Before starting his program, I was basically killing myself twice a week at the gym. Good exercises but unfocused. Comparably, Waterbury's program looked too easy. I've been doing front squats, lunges, pullup and chinup variations, lots of core work, his program was just not going to be enough, I thought. So I skipped over his recommended 3 week intro exercises and got right into it. Probably a mistake since the movement: speed, is very challenging. Not to mention, if you have never done bulgarian split squats then trust me that you will be cursing his name after driving out some of these. I think my nutrition is the only thing that has saved me with all it's anti-inflammatory power and also finally getting my full 1g/lb protein requirement.
I feel like I purchased a great personal trainer for $20. This book is complete for me: from a total dietary program to a total lifting program.
Someday my friend will get to read it and I am going to get a copy for my nephews back in the midwest who are into wrestling since Waterbury even offers a program on how to effectively meet a weight-class while maintaining performance ability. Wish I had that knowledge back in the day of my high school wrestling with plastic suits and jumping jacks in the sauna....more info
Simple Very easy to read and the ideas just make sense. No long winded explanations about muscles and how they work. Normal non-fitness people can understand it and follow the workouts per their level.
This book is taylor made for athletes, teaches you to build muscles that you actually use for sports and use everyday. Builds muscles in a way to avoid common injuries from sports.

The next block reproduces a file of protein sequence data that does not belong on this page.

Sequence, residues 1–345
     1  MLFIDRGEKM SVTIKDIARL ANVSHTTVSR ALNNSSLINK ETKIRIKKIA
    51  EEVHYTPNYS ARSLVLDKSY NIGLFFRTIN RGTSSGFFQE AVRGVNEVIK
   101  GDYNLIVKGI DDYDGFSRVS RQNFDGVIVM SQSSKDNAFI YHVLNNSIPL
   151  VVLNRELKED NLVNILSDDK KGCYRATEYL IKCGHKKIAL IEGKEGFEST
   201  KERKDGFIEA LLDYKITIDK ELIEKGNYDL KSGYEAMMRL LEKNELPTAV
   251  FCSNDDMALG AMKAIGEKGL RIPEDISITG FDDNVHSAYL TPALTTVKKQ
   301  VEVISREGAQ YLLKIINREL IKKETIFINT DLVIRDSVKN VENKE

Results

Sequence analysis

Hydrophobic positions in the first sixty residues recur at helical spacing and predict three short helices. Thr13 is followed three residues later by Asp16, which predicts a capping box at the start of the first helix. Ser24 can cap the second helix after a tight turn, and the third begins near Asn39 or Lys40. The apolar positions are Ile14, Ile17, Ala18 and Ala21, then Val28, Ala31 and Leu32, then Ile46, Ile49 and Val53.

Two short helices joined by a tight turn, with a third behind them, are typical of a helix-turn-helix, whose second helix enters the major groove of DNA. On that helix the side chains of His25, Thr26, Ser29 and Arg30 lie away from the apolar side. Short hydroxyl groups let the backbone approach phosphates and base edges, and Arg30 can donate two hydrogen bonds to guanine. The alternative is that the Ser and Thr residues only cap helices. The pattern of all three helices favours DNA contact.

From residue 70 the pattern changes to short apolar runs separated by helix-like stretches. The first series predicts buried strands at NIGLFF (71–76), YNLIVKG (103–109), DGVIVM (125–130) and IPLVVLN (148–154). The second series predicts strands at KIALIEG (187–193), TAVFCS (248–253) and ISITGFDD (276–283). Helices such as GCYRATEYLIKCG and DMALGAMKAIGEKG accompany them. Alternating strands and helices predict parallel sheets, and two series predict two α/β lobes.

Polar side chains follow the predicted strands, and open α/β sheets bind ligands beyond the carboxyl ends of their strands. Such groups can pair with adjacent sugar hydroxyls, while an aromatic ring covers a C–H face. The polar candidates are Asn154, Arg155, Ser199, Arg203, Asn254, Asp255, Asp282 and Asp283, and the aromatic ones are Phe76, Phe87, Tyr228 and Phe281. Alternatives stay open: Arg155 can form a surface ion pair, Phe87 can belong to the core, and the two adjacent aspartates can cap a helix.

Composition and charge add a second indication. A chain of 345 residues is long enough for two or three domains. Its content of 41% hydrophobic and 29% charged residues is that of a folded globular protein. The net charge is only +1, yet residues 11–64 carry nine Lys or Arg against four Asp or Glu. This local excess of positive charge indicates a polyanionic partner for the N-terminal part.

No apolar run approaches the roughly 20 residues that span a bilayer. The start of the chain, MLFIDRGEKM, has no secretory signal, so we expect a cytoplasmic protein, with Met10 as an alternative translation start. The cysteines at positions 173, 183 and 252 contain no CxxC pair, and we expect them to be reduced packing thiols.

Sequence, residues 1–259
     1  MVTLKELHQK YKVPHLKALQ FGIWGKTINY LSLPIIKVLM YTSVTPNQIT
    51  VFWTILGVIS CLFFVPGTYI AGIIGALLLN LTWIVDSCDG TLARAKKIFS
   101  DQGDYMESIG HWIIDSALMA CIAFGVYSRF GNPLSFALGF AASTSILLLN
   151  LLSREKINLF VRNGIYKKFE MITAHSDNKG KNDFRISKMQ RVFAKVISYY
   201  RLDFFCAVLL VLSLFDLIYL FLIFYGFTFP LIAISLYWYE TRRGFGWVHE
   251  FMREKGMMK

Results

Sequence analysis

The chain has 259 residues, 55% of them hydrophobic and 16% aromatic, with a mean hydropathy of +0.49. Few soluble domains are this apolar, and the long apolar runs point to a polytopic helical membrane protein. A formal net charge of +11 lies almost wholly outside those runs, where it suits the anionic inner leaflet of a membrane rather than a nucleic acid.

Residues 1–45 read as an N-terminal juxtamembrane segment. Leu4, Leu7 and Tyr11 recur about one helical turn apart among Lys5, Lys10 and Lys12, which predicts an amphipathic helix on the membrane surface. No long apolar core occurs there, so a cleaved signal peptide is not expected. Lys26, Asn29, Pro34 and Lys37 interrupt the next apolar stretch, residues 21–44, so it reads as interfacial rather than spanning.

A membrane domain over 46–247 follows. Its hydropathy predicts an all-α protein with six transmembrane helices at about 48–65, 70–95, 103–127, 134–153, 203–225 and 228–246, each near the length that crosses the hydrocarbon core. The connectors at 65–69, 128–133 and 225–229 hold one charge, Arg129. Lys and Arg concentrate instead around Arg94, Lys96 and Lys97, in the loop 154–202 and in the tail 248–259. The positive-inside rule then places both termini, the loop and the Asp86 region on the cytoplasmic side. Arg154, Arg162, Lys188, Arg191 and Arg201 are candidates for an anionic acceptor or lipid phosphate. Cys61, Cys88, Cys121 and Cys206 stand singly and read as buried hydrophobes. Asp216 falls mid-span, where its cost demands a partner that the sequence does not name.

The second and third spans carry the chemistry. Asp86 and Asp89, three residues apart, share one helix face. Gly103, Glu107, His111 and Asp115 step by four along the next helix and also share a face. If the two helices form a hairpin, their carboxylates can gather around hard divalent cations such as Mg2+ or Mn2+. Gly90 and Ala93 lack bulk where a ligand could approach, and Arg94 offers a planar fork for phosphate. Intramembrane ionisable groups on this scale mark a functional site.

Simply the Best all around Fitness book written in decades...more info
fresh and fun I'm a 34 year old mother of two small kids. I've been doing the workouts in this book for about 3 months now, and I'm impressed with the results I'm getting. I think Chad's program would work well for those new to strength training, as he has detailed explainations and pictures of how to do the exercises. He very clearly lays out the workout formats, and has three different areas of focus that readers can choose from, depending on what their main goals are. I've been lifting for several years, so sometimes I substitute more challenging exercises, but overall I think Chad does a great job of putting the workouts together for an efficient and productive routine. The workouts usually take me about 40 min, three days a week. I don't plan on staying on this program for too much longer, as my body has become adjusted to it after 3 months, which is pretty typical. I think it's a good program to use along with a good cardio or kettlebell program, and it did pack some more muscle on my body, which is impressive at my age. I highly recommend the book if you are looking for some good, basic lifting workouts that don't get boring and will deliver the promise of getting bigger--as long as you put forth your best effort....more info